Charleston officials say mask law may have played a part in COVID-19 decline

Charleston officials say mask law may have played a part in COVID-19 decline

CHARLESTON, S.C. (WCSC) - The City of Charleston said the number of positive COVID-19 cases in the city has gone down dramatically in the last month.

Officials believe the mask law that went into effect July 1 may have played a big part in the decline. The city says they are seeing a decrease in both the rate of infection and the number of positive cases.

There are reminders all over upper King Street including a digital billboard that the mask law is in effect.

Senior adviser to the mayor, Tracy McKee, says the new case growth rate fell from 18 percent in June to less than two percent in July.

”I’m cautiously optimistic that the decline that we’ve seen in the growth rate and number of new cases has had an impact,” McKee said Tuesday.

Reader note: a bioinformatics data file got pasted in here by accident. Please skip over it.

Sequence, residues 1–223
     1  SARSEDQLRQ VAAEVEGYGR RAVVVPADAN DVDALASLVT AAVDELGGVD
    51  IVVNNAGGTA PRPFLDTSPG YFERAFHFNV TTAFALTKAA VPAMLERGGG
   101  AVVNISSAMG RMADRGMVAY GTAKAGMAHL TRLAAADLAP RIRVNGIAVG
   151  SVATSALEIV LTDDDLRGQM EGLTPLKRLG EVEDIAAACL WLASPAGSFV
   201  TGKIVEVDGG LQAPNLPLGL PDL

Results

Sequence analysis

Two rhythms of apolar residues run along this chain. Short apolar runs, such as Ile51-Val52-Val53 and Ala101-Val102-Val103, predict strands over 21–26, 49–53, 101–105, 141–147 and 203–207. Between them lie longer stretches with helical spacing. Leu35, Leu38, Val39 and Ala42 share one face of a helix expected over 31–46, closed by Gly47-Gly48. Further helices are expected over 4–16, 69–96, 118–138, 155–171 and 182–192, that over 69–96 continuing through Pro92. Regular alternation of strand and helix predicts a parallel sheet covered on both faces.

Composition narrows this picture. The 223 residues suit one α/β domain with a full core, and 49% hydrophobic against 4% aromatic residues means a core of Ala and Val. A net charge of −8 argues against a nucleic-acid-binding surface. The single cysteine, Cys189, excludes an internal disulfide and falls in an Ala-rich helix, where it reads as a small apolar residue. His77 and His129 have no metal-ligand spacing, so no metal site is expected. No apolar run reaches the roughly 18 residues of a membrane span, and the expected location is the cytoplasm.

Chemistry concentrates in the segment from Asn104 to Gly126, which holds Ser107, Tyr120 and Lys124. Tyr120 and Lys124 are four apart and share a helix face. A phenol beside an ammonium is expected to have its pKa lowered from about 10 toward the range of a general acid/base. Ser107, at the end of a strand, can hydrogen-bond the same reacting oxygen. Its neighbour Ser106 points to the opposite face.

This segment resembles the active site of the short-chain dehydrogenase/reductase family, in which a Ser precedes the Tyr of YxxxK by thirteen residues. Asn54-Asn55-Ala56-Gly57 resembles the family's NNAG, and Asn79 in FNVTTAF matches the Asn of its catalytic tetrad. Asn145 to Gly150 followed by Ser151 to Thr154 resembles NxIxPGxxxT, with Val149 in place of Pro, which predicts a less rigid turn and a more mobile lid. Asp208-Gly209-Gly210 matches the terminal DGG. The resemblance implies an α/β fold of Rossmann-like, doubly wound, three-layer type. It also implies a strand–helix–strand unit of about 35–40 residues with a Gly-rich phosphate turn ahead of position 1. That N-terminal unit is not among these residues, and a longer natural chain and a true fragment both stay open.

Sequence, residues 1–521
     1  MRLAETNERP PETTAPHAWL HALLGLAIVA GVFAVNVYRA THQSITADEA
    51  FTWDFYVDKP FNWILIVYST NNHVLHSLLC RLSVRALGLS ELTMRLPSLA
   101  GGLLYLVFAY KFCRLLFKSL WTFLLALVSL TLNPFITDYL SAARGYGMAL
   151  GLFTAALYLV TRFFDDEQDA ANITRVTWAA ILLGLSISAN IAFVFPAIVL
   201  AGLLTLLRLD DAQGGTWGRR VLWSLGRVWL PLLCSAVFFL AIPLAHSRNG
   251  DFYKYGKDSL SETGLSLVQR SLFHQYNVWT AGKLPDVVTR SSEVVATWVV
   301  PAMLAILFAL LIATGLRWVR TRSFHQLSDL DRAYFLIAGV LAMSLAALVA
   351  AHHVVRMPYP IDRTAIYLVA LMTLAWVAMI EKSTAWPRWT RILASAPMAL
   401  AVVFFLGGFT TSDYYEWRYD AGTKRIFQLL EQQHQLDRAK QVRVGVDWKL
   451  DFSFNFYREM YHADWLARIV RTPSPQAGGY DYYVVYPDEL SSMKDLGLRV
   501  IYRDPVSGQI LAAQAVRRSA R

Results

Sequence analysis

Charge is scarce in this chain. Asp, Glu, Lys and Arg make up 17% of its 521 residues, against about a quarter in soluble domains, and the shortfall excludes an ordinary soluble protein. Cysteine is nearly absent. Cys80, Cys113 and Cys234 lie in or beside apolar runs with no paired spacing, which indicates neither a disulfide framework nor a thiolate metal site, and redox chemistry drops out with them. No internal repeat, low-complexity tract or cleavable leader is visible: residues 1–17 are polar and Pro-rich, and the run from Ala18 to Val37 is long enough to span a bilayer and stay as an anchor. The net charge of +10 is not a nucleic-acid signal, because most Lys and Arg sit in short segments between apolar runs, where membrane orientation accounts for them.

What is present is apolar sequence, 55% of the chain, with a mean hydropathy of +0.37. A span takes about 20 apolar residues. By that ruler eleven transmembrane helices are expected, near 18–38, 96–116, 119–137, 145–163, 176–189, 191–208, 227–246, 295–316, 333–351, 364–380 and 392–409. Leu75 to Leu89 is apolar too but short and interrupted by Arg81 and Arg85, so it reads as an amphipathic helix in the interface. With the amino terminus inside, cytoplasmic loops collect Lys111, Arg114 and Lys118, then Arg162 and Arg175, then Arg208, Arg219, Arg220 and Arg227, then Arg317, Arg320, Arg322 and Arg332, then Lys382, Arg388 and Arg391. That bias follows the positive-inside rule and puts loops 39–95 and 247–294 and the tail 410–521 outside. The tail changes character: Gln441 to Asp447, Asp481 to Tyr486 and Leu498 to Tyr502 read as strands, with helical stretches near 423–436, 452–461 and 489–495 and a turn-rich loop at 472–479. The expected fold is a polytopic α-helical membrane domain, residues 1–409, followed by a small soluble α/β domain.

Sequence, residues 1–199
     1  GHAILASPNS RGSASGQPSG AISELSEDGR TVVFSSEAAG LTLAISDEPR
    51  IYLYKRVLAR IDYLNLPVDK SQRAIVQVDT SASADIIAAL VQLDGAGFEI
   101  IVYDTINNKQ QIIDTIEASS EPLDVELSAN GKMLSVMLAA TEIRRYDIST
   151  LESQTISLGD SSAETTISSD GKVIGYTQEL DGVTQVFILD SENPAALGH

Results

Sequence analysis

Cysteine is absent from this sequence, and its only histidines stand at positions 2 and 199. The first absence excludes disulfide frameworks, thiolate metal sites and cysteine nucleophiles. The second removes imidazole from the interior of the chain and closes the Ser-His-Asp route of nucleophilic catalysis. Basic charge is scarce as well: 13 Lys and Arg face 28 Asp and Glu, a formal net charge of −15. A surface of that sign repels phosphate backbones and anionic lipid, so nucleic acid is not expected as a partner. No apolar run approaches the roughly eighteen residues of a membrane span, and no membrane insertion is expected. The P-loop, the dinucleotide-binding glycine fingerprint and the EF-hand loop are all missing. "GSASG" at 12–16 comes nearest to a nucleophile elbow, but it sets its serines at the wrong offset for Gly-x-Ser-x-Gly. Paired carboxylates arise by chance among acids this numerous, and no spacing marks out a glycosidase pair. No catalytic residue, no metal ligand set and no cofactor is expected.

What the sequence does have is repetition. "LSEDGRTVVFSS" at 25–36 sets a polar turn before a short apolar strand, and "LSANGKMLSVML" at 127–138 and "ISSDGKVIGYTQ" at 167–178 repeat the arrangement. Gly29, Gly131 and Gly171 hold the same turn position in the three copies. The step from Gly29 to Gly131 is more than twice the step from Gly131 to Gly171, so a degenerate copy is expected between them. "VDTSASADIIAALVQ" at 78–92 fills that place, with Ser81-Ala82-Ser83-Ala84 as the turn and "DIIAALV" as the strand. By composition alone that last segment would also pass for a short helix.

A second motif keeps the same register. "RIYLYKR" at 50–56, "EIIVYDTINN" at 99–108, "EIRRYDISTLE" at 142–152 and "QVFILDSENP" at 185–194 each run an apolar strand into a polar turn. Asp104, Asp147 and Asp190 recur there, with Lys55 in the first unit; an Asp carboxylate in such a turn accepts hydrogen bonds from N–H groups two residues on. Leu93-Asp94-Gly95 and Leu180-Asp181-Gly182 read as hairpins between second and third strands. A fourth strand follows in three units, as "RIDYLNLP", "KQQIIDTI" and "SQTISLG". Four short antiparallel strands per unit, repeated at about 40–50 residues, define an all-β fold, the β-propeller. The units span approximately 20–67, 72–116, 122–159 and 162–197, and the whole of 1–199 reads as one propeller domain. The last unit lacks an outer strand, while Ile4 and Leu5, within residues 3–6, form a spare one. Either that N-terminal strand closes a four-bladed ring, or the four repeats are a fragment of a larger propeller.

However, McKee says she and MUSC are concerned about the delays in testing.

”That is having a significant impact, and we could be seeing that in the data as well,” McKee said.

McKee says people in Charleston must continue to obey the mask law.

“I think the worst thing that can happen to us right now is that people start getting mask fatigue or letting their guard down, and I think that could definitely result in another surge which will again start to strain our hospitals,” she said.

The city says since the mask law went into effect on July 1, livability officers have issued 82 first offense warnings and two second offense citations for not wearing a mask.

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